The 2022 Wet Season is on the cusp of officially being declared as Tropical Wave 01 moves across Trinidad and Tobago on Sunday, May 15th, 2022. The wave is forecast to bring in a surge of high winds and fast-moving showers and thunderstorms.
The Wet Season is yet to be declared by the Trinidad and Tobago Meteorological Service but is generally done once there is measurable rainfall from either a tropical wave or the Intertropical Convergence Zone.
However, rainfall is expected to be short-lived as a dry and dusty atmosphere plagues the country this weekend as Saharan Dust returns.
What you need to know
— Saharan Dust: From Monday evening, increasingly hazy conditions are expected across the country. Peak dust concentrations are forecast from Wednesday into Friday.
— Rainfall: Mainly through Monday afternoon, fast-moving showers with isolated thunderstorms are possible across both islands. Overall heavier rainfall is forecast to favor southern and western areas of the country. For the remainder of the week, only very brisk showers are possible, generally favoring eastern areas of the country.
— Hazards: While street/flash flooding is possible through Monday afternoon, the more significant hazard through Tuesday night will be strong winds at low levels of the atmosphere. Sustained winds up to 40 KM/H are possible, with gusts up to and in excess of 55 KM/H. Lightning will accompany thunderstorms.
— Alerts/Watches/Warnings: A High Wind Alert (Yellow Level) is in effect for T&T and offshore areas from the Trinidad and Tobago Meteorological Service until noon Monday.
Thunderstorm ChancesThunderstorm Chances
Sunday night into Monday: Partly cloudy to occasionally overcast periods, interrupted by light to moderate showers. Brief, isolated heavy showers or thunderstorms are possible, generally favoring eastern areas of the country initially, then across southern Trinidad. Conditions are forecast to become increasingly settled, hazy, and windy through Monday. Gusty winds are likely, and street/flash flooding is possible.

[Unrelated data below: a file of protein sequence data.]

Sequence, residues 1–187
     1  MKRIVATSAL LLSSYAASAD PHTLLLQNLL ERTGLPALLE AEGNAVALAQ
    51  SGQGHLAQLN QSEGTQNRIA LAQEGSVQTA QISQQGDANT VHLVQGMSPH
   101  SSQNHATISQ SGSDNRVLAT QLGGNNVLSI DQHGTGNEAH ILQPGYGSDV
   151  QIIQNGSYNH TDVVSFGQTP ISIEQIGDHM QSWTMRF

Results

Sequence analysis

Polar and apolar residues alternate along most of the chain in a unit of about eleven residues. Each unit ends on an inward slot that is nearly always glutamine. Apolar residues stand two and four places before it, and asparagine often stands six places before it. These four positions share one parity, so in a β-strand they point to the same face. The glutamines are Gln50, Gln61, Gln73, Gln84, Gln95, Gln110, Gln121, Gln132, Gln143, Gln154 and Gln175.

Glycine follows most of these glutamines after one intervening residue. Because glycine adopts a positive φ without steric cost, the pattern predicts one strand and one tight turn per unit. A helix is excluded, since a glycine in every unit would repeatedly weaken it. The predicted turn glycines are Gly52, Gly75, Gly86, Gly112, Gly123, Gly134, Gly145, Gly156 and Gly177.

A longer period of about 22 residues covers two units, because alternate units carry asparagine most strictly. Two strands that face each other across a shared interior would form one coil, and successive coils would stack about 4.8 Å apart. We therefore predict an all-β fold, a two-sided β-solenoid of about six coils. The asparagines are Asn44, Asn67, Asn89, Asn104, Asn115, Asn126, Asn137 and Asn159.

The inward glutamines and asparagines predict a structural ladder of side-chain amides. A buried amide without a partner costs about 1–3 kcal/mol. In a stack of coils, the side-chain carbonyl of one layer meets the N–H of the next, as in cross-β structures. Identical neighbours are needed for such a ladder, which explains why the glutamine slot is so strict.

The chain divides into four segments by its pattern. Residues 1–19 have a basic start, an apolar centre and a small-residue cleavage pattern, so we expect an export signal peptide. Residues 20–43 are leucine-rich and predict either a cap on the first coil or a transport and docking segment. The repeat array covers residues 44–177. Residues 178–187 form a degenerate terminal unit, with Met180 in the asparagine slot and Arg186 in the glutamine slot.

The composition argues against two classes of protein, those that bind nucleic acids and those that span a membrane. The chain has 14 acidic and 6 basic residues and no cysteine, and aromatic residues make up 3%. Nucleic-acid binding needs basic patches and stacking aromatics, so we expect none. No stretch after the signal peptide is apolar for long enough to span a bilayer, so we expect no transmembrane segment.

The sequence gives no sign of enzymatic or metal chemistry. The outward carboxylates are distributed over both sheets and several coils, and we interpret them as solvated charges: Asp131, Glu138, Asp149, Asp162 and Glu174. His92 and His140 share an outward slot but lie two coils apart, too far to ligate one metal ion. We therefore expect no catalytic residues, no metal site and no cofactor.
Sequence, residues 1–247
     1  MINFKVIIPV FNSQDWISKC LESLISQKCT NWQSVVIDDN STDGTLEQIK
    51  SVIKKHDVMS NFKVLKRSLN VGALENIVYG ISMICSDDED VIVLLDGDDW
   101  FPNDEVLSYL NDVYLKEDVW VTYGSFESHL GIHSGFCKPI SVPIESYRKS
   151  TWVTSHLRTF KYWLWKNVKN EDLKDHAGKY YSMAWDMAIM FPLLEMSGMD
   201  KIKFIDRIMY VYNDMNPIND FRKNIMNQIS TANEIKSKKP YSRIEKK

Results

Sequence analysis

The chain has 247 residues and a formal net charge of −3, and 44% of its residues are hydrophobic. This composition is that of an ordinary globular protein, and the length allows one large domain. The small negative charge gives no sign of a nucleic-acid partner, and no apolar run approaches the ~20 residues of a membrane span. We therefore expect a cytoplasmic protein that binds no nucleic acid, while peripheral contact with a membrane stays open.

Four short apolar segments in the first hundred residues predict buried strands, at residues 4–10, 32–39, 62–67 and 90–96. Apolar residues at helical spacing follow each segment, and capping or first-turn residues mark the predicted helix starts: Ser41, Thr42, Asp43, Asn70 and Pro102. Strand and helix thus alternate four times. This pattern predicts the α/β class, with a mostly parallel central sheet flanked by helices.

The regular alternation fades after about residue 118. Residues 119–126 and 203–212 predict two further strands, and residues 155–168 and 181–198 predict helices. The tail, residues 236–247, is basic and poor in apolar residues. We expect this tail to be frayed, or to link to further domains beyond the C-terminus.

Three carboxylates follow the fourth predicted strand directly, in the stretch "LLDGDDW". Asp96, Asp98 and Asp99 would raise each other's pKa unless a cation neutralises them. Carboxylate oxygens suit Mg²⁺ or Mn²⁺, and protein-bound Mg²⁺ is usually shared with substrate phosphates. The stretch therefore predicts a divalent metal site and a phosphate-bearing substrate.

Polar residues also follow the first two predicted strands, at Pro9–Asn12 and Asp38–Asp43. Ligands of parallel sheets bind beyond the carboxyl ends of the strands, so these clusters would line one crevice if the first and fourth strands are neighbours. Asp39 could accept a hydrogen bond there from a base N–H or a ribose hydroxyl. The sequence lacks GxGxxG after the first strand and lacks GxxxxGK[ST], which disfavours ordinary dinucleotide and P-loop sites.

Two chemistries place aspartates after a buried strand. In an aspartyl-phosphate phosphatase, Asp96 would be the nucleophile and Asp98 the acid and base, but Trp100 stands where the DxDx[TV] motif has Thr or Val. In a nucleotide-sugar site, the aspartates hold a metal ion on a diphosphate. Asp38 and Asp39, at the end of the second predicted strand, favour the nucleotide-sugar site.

Tuesday: Mostly hazy, breezy/windy conditions interrupted by brisk, isolated showers. Gusty winds are likely. Night to be mostly settled, barring the odd shower.
Wednesday: Mostly hazy, breezy/windy with the odd shower. Warm. A mostly settled night.
Thursday: Mostly hot, hazy, and breezy with the odd shower. A mostly settled night.
Friday: Mostly hot, hazy, and breezy with the odd shower. A mostly settled night.
Marine: Seas are forecast to be moderate to occasionally rough, with waves generally between 2.0 meters and 2.5 meters, occasionally above during the forecast period in open waters. In sheltered areas, waves are forecast to be near 1 meter but occasionally choppy due to increased winds.
Through the forecast period, the minimum low in Trinidad and Tobago is forecast to be between 24.0°C and 26.0°C, trending warmer across Tobago.
Maximum highs across the country are forecast to be generally up to 32.0°C in Trinidad and Tobago. In urbanized areas like Port of Spain, Scarborough, San Fernando, and Chaguanas, the maximum high temperatures could exceed 34.0°C.
There are several hazards across Trinidad and Tobago over the next five days.
Gusty WindsGusty Winds
Street/Flash FloodingStreet/Flash Flooding
Saharan DustSaharan Dust
Severe ThunderstormsSevere Thunderstorms
This week’s main hazards would be gusty winds through Tuesday night, while Saharan Dust is set to reduce air quality from late Monday through the week.
Mainly overnight Sunday into Monday afternoon, street/flash flooding is possible, mainly in heavy showers or thunderstorms. Riverine flooding is very unlikely based on current model guidance for accumulated rainfall over the next five days.
With the potential for thunderstorms, cloud-to-ground lighting can pose hazards for both on land and mariners. Landslides are also possible, particularly if heavy rainfall falls across elevated areas like the Northern Range and southwestern areas of Trinidad.
Rainfall & Flooding
Chances for Street/Flash FloodingChances for Street/Flash Flooding
Through the forecast period, wind shear is forecast to remain unfavorable for persisting heavy rainfall. However, with the passage of Tropical Wave 01, favorable overall atmospheric conditions may allow deeper pockets of convection to develop, producing heavy/violent rainfall rates in showers and thunderstorms.